Jebeliya: Meet Egypt’s ‘People of the Mountain’
When it comes to Bedouins, we all have our stereotypes. The goats, the tents, and their traditional clothing are (most probably) things that cross your mind when you think about them. However, there’s a common misconception that assumes that all Bedouins are similar. We’re sorry (not sorry) to tell you, but they’re not.
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This campaign acts as an online exhibition where you buy when pledging a photography piece as a reward. 60% of pledges go to the benefit of the people of st. Catherine's protectorate in South Sinai Egypt. To pledge, please visit the following page: http://tennra.com/projects/catherineexistsproject الحملة فى شكل معرض أون لاين, تقدر تشترى من خلال الإشتراك فى الحملة لوحة فوتوغرافية كمكافئة لإشتراكك . 60% من العائد بيروح لأهل منطقة سانت كاترين للإشتراك فى الحملة: http://tennra.com/projects/catherineexistsproject #catherineexistsproject #crowdfunding #campaign #egypt #pledge #support #help #photography #social #socialequality #southsinai #egyptians
Bedouins in Sinai are not like those living all the way from Alexandria to Matrouh. Those in the Eastern and Western deserts are also not the same. Of course, some Bedouins have things in common, like living in clans and sub-clans or even shared traditions and beliefs. However, there are other minor details that could be a slight difference in dialects. You might even find tribes who speak other languages that are not Arabic, like those in Siwa. However, there’s one tribe in particular that we’d like to talk to you about, one that’s been living in the region for more than 1,400 years, The Jebeliya Tribe.
In the 6th century AD, the Byzantine Emperor Justinian ordered to build St. Catherine monastery and got around 200 Roman soldiers with their families to protect the monastery. Half of these soldiers were brought from Egypt and the other half were brought from the Byzantine Empire, mostly Balkans. From those present today, they’re one of the very first tribes to settle in Sinai, even way before the spread of Islam. Along the centuries, they intermarried with other Arab tribes and became the Jebeliya people as we know them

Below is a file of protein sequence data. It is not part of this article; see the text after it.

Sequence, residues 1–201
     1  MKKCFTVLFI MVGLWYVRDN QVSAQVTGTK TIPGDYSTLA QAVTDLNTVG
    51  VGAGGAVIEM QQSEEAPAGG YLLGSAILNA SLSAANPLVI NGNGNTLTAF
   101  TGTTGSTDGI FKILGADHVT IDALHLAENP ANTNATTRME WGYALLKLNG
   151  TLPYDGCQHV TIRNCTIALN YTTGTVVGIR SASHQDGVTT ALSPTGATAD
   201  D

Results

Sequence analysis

Jebeliya is derived from jebel which means mountain in Arabic, referring to them as the people of the mountain. They made their homes out of mountains and valleys in Saint Catherine. Unlike other Bedouins, their homes are made of stone or concrete-block houses due to the harsh winter weather conditions. They have gardens, called “bustan” or “karm”, at different locations in the mountains where they live during the summer. However, they move to lower altitudes as the weather gets colder.
Two of their most interesting traditions are the wishing rocks, and the marriage proposal rocks. The wishing rocks are large boulder stones with a flat surface. The legend says that if you throw a pebble or stone and it stays on the top, your wish will be granted. The marriage proposal rock is even cooler. They’re boulders where a man would draw an outline of his foot to express his love, and if the woman sees it and accepts his proposal, she’d draw an outline of her own foot next to his. They then get married and live happily ever after.
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This isn’t a prehistoric drawing. This is a form of proposal in the culture of the tribes of St. Catherine. At the beginning the man spots the woman, while she walks within the valleys with her herd. Then to show affection he draws a contour of his foot & leaves. When she sees it and accept she replies with drawing her foot next to his. The valleys of St. Catherine, Sinai – Egypt #RoamEgypt #ThisIsEgypt #ذئاب_الجبل . . . . . . #vsco #vscocam #moodygrams #MoodyLovers #agameoftones #artofvisuals #meistershots #exploreeverything #topvsco #urbanandstreet #justgoshoot #natgeo
The Jebeliya people may be similar to other Bedouin tribes — in some traditions and lifestyle to some extent, but they still remain unique in their own way. Most importantly, they’ll always be remembered for their origins and their kind hearts.
Saint Catherine is one of the most beautiful places in Egypt with a very special and sacred value. You’ll definitely enjoy the monastery as well as all the hikes it has to offer. What you really cannot miss is trekking all the way up to Mount Sinai or Mount Catherine to watch the sunrise.